By Julian Bajkowski
The Queensland government’s unprecendented ban on giving IBM new business after the $1.2 billion Health Payroll software disaster will not be imposed on local governments and councils, the minister responsible for the sector had confirmed.
Queensland Local Government Minister David Crisafulli has told Government News that councils will not be hit by the procurement blackban as agencies across the state assess what effect the government’s punitive action will have on their future technology architecture and development plans.
“We won’t be imposing a ban on local government, but councils may be wary about using IBM after how it failed in Queensland,” Mr Crisafulli said.
The president of the Local Government Association of Queensland, Margaret de Wit, has backed the minister’s position and told Government News that the state government ban would not have any effect on councils.
While exemption of local government from the state-wide ban on IBM will come as a relief to the besieged vendor, it still faces a monumental task in rebuilding its reputation in the public service across the nation following its part in the massive software bungle.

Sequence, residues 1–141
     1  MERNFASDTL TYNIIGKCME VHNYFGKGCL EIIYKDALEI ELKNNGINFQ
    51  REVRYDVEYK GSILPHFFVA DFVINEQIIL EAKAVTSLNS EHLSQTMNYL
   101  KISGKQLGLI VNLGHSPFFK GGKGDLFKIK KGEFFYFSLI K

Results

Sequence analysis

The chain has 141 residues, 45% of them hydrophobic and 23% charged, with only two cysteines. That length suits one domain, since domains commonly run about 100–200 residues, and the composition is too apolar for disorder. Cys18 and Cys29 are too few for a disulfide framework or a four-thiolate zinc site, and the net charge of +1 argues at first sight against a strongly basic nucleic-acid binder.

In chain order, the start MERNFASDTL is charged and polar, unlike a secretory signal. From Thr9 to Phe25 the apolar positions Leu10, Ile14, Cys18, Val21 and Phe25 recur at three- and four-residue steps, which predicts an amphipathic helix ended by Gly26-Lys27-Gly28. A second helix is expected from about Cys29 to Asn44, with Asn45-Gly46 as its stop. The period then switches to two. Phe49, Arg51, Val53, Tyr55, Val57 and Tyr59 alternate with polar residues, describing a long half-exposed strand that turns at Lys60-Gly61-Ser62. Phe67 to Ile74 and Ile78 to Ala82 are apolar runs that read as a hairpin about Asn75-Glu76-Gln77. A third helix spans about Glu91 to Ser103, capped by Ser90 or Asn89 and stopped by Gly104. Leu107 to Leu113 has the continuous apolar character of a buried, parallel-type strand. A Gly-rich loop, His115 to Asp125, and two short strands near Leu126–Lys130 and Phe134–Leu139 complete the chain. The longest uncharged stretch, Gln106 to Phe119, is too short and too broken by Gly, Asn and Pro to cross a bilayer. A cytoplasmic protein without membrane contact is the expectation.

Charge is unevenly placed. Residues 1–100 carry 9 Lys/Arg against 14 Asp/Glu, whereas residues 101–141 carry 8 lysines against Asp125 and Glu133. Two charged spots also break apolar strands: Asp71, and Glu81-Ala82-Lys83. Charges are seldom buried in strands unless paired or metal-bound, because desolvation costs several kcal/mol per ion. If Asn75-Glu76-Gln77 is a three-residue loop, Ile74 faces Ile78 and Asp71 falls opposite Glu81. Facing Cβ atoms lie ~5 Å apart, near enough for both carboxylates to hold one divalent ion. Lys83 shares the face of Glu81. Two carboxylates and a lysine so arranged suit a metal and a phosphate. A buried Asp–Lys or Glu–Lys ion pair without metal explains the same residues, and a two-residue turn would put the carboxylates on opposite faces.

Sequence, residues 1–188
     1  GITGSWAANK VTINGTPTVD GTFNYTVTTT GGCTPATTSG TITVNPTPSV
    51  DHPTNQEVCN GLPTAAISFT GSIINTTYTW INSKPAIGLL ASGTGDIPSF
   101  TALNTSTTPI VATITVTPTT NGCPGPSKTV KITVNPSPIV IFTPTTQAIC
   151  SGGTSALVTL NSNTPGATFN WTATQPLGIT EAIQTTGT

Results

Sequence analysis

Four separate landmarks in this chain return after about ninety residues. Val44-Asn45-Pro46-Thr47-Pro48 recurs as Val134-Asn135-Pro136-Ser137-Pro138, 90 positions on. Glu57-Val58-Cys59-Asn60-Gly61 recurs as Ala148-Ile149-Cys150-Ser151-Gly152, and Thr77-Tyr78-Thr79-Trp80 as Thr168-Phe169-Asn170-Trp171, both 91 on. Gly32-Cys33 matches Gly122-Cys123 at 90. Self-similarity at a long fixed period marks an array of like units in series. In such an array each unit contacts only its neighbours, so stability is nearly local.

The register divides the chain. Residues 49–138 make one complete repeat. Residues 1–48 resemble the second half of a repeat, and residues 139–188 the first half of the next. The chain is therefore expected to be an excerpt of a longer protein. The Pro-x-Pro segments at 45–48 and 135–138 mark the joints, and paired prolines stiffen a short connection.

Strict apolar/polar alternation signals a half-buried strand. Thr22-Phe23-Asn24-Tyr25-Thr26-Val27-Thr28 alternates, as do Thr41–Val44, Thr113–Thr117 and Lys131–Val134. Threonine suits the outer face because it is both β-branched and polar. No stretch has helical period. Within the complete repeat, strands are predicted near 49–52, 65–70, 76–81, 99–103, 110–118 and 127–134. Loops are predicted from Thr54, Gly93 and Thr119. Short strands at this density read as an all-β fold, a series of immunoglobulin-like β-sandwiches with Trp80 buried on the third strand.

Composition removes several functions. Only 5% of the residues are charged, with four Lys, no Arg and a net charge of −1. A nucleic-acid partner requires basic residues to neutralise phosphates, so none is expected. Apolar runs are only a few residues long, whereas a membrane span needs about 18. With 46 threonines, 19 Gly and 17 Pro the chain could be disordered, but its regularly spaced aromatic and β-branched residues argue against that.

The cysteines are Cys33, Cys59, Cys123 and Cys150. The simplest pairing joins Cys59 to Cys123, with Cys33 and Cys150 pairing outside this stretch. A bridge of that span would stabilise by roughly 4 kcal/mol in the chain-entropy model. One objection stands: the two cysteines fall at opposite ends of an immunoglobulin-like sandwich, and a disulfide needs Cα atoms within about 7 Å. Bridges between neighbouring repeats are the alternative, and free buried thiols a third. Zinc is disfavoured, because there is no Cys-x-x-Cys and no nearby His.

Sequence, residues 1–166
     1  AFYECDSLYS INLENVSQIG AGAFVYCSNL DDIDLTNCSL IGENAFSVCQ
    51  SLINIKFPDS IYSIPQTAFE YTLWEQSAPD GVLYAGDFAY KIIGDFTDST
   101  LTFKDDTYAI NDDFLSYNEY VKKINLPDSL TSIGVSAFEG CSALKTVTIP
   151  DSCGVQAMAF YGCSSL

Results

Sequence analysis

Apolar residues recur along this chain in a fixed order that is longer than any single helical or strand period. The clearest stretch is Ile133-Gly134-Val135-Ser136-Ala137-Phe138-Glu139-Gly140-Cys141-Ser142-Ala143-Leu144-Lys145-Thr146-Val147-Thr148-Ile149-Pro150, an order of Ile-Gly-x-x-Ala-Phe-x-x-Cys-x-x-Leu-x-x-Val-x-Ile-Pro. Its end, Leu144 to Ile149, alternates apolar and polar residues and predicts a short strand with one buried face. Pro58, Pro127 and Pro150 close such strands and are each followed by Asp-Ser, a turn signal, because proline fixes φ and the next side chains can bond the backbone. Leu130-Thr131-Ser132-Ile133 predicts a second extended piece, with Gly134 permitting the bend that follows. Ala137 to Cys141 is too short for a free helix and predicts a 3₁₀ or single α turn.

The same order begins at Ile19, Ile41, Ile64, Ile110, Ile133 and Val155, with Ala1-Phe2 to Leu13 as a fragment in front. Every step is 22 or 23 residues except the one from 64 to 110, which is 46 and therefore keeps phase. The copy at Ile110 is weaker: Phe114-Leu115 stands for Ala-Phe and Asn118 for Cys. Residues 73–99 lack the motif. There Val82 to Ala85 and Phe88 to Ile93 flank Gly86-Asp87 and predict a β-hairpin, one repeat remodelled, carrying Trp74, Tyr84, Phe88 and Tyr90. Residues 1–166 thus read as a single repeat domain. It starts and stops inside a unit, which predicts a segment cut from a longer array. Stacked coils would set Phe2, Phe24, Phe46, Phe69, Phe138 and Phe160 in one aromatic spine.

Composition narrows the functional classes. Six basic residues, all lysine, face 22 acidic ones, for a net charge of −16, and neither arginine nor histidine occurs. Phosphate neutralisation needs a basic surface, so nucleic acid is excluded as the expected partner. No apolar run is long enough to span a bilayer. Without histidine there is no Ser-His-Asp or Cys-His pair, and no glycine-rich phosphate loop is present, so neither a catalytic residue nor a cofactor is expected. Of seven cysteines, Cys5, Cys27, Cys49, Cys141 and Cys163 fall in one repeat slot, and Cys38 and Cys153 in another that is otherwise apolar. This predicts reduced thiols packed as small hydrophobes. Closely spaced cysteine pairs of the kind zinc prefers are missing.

IBM has been heavily pushing its grand vision of smart cities, innovation and connected infrastructure as part of its sell to communities and the public sector through high-profile advertising in mainstream media in an attempt to re-position itself as an industry leader rather than a fading giant.
But it is facing stiff challenges at the grass roots of communities and public administration where the company’s ideas on how to connect people are not always going to plan.
At the recent Wired for Wonder conference in Sydney, influential British technologist Ben Hammersley cautioned that the application of infrastructure technology in the form of ‘Smarter Cities’ in Scandinavia was encountering social resistance.
Mr Hammersley said the views of what an IBM engineer from Texas thought was the best way – the quickest route from one point to another in a car to get to work were different from those actually living in the smarted-up Scandinavian city – who often preferred bicycles.
A major point of irritation in Queensland over IBM is the fact that it very successfully managed to extricate itself from any legal liability over the payroll bungle that blew its original budget by more than 15,000 per cent.
So far IBM is bitterly maintaining that role in the project disaster described by a special Commission of Inquiry as possibly the worst failures in public administration the country had ever seen was limited.
"Reports that suggest that IBM is accountable for the $1.2 billion costs to remedy the Queensland Health payroll system are completely incorrect. IBM's fees of $25.7 million accounted for less than 2 per cent of the total amount. The balance of costs is made up of work streams which were never part of IBM's scope."
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